Monday, October 05, 2015

The Emperor Has No Clues

The nuance eludes me.

As I speculated earlier, I think Russia's intervention along with Iran isn't to do anything more than prop up Assad in the northwest corner of Syria to keep a secure location for Russia's bases and for Iran to prop up Hezbollah in Lebanon.

The forces that Russia and Iran are committing are too small to do more than that--if they can do that.

The only real question is whether the Russian-Iranian escalation can keep Damascus in that Core Syria.

God help us, but Russia's small move into Iraq is probably designed to fool Secretary of State Kerry into thinking he scored a diplomatic triumph by trading a Russian free hand in Syria for an American free hand in Iraq.

And we'll thank the Russians for that:

If the humiliation of the Obama administration continues at this rate, by this time next week you should expect to see Secretary of State John Kerry on all fours at the United Nations, getting paddled by the Russian foreign minister and shouting, “Thank you, comrade! May I have another?”

Great minds think alike.

At which point Iran will push us out of Iraq by being a resolute ally while we dither.

Nobel Peace Prizes all around!

UPDATE: Again, Russia's forces aren't enough to win the war for Assad:

... Moscow’s contribution is unlikely to be decisive in the war, analysts said. While Russia boasts its military is stronger than it has been in 25 years, its forces still grapple with aging equipment and have a weak partner in the poorly trained Syrian army. There is also tepid support among the Russian public for a lengthy conflict.

But I don't think Russia is trying to win the war--defined as restoring Assad control over all of geographic "Syria."

Russia will settle for Assad surviving in the northwest. The article says Putin anticipates a three-hour tour three or four-month intervention to get to negotiations that save Assad, if not Syria.

This article repeats the claim of more limited objectives:

"The strategic objective is to secure an Alawite 'safe zone'... leaving the eastern, desert part of the country to (IS)," wrote Igor Sutyagin, of the Royal United Services Institute, in a recent analysis note.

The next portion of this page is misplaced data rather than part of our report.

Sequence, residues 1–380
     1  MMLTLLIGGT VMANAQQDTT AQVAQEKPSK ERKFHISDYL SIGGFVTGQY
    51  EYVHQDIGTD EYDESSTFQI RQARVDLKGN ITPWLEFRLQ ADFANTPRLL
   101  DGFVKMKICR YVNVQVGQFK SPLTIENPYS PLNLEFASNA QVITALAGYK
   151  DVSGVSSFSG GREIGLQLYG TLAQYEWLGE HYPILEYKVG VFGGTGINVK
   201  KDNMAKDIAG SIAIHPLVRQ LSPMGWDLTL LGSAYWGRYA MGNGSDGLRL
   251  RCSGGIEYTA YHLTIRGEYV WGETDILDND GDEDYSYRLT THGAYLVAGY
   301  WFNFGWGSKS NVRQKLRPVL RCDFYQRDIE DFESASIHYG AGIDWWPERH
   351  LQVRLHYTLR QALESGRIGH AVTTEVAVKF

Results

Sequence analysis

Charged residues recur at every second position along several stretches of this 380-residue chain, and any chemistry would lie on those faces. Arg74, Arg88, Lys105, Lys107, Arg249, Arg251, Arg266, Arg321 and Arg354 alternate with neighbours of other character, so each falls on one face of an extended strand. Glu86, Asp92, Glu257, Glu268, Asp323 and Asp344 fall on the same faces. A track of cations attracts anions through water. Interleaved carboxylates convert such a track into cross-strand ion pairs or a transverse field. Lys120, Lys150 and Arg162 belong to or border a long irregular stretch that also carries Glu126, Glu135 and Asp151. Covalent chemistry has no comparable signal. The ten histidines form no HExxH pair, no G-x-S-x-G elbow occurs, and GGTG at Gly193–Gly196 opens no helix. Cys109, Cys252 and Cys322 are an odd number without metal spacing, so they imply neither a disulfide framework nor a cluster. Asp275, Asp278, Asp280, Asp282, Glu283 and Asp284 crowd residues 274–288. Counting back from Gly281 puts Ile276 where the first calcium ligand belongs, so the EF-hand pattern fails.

If Assad had done this nearly four years ago when I said he didn't have the troops to cover everything and had to contract to a Core Syria, he'd have an army capable of holding that ground.

Back then, I thought that contracting would save Syria's military and give Assad the chance to rebuild his military to retake lost ground all the way to the east.

Now? I think the Syrian military is too shaky after mind-numbing casualties it has endured to hold territory that extends to Damascus and points south. I think Assad's best chance to hold is a Rump Syria of the coastal regions pushed north as far as Russian and Iranian support can provide, plus an inland buffer zone out to the Hama-to-Homs highway.

Russian air power and Spetznaz could help defend this core region.

Strategypage has a lot of useful information on recent events. Just read it. I'll just note that they say that Hezbollah has informed their allies that they've had enough of the shock troop job and won't participate in those bloody attacks on behalf of Assad.

So we'll see how the Iranians do in that job. I just don't think Russia will participate in that apart from some special forces. So I don't think the much heralded "big offensive" will be very big.

UPDATE: Oh, and if anybody is thinking about the bargain Putin is offering to Europeans to halt the migration to Europe in exchange for a free hand in Syria and Ukraine (and I mentioned this Ukraine-Syria link earlier, with a bonus aside on the migrants), if Assad can't gain control of all of Syria, the migrants will keep coming anyway.

So Putin might get his objective in Ukraine, ending sanctions, even if Assad can't hold in his "fortress" northwest; plus Europe will still be crippled by coping with all those migrants.